Dr. Lordan told me travelling abroad is scary, “but that’s one of the things that makes it great – it forces you to grow, to put yourself in positions that you aren’t comfortable with and then succeed in them. And when you do, you feel like you can take on the world – because you can.” By my second week in Ireland, I knew I could conquer anything. And I did. I felt so comfortable with the Irish and as a shy person, I naturally do not go out of my way to strike up conversations that are not necessary. And in the Philadelphia area, neither does anyone else. In Ireland, I felt so comfortable going up to strangers to ask for directions or just to ask about their day because they welcome it so warmly. It may have helped that I appeared Irish at first sight, until my American accent gave me away. Regardless, I felt at home.
I visited London my second weekend in Ireland, as Dr. Lordan gave us the weekends to ourselves. I took the Dublin bus, an airplane (equivalent to the Metro Bus on air), and then a train to reach London and met my friend from West Chester University who was also travelling throughout Europe. Anyone who knows me knows that I have no sense of direction. To this day, I get lost on West Chester’s campus. But I mapped out absolutely every single step to get from DCU to my hostel in London. When I reached the hostel, I hugged my friend with sheer joy that I had gotten myself to London alone. At that moment, I realized that I could travel alone anywhere and I would be okay.
Upon returning from London, I was confident I did not need to be attached to anyone to assure I would get back to my place in one piece. I felt free. And I had two weeks left in Ireland that I was not ready to have end. I spent my time happily exploring everything I could within the area we were staying at. I found myself realizing so much about American culture, and was fascinated to find that the Irish knew just about everything there was to know about the U.S., including geography I did not even know. As Dr. Lordan stated, there is a media megaphone extending out from America that reaches far and wide, yet we don’t get any major returning media megaphones to the states.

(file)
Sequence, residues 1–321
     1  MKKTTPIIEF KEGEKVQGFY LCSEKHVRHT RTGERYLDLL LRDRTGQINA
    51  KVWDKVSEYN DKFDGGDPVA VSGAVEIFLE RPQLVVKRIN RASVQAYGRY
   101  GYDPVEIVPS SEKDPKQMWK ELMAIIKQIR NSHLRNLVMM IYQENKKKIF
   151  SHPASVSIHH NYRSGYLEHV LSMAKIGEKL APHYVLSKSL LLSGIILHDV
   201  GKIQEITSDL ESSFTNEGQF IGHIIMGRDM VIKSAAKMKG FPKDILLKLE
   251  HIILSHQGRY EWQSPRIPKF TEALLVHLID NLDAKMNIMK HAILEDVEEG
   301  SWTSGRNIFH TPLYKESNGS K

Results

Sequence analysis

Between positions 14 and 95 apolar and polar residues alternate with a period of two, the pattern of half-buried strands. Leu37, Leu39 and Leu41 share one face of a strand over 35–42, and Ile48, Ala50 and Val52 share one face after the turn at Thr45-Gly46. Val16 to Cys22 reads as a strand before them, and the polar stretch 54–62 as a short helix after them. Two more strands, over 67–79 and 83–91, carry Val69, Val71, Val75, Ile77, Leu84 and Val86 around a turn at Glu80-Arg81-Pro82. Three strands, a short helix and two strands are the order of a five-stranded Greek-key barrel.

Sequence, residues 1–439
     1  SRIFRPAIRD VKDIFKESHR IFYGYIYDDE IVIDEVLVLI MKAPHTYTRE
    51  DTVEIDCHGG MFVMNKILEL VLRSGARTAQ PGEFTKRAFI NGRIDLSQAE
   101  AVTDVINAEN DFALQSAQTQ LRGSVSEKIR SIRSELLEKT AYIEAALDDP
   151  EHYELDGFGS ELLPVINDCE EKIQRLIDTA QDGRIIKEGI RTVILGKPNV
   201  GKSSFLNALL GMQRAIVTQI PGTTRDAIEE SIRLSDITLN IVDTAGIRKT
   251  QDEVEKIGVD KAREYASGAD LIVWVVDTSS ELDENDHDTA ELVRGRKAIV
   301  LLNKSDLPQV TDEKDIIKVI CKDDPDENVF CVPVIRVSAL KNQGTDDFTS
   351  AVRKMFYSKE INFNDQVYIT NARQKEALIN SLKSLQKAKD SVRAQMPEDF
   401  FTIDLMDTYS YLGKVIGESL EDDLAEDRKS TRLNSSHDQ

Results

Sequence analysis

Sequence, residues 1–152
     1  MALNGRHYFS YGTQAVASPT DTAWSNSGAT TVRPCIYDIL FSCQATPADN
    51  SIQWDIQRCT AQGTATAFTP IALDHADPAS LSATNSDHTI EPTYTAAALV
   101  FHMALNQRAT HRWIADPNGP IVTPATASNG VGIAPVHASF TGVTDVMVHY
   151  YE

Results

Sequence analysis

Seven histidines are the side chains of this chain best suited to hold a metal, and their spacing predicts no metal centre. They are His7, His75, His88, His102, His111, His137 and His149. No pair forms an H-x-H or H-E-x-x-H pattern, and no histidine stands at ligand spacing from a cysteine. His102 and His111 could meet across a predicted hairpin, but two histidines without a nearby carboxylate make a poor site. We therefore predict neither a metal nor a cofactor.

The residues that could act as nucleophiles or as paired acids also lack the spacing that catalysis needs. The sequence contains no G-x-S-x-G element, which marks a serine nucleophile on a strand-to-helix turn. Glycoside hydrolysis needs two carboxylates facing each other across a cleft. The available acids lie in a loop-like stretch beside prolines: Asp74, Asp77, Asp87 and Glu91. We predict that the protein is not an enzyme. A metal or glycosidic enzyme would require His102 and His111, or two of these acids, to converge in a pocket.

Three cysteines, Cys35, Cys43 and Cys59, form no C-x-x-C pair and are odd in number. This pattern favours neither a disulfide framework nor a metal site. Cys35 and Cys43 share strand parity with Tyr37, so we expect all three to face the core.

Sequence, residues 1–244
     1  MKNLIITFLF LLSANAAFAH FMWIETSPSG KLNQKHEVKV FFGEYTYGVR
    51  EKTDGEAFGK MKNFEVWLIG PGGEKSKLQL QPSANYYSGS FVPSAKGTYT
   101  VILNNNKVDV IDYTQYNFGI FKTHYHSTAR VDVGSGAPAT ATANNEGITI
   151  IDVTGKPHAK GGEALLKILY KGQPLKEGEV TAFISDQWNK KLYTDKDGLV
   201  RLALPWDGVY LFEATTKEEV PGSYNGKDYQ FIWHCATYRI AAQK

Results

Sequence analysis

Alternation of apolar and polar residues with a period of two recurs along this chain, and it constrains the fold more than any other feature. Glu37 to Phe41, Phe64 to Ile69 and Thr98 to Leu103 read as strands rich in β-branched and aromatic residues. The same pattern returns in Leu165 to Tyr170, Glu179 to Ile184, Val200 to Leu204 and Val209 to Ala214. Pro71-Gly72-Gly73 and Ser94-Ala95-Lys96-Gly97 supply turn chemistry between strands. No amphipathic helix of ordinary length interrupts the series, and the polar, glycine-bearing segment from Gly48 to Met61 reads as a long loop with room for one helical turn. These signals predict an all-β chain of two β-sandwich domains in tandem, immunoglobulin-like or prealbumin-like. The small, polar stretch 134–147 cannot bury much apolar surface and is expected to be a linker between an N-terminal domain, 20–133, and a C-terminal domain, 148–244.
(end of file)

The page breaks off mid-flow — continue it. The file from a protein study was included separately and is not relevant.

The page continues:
By the end of the trip, I felt like the Little Mermaid’s daughter in the Disney series who wanted to get back to sea after her mother grew her legs and started a family on land. Cheesy, I know, but true. I felt as though my Mom-Mom came over to the states to secure a better life for her children and grandchildren, but I just wanted back in Ireland. Like the Little Mermaid’s daughter, I was set on returning to my roots. Luckily for me, Ireland accepts citizenship through descent extending as far back as one’s grandparents. Suddenly, I realized I was going back to Ireland; there was no doubt in my mind. I cannot remember the exact moment I decided I would be returning, but it became set in stone in my head. I was going back to Ireland!
I decided, and pursued, my stay in Ireland. I am returning for the spring semester and extending it for a summer internship. Call me crazy if you will, but I think I am beyond lucky to have found such passion for something in my life at such a young age. The opportunity is there, and I am taking it. Period. And because of my roots, I am able to secure dual citizenship and work in Ireland if I please. And who knows, maybe I could end up living there. But all that I know is that three weeks in Ireland was only the beginning of my exploration of the country. And for me, that is enough.
Colleen Cummings is third-year student majoring in English writings with minors in journalism and graphic design. She can be reached at CC763510@wcupa.edu.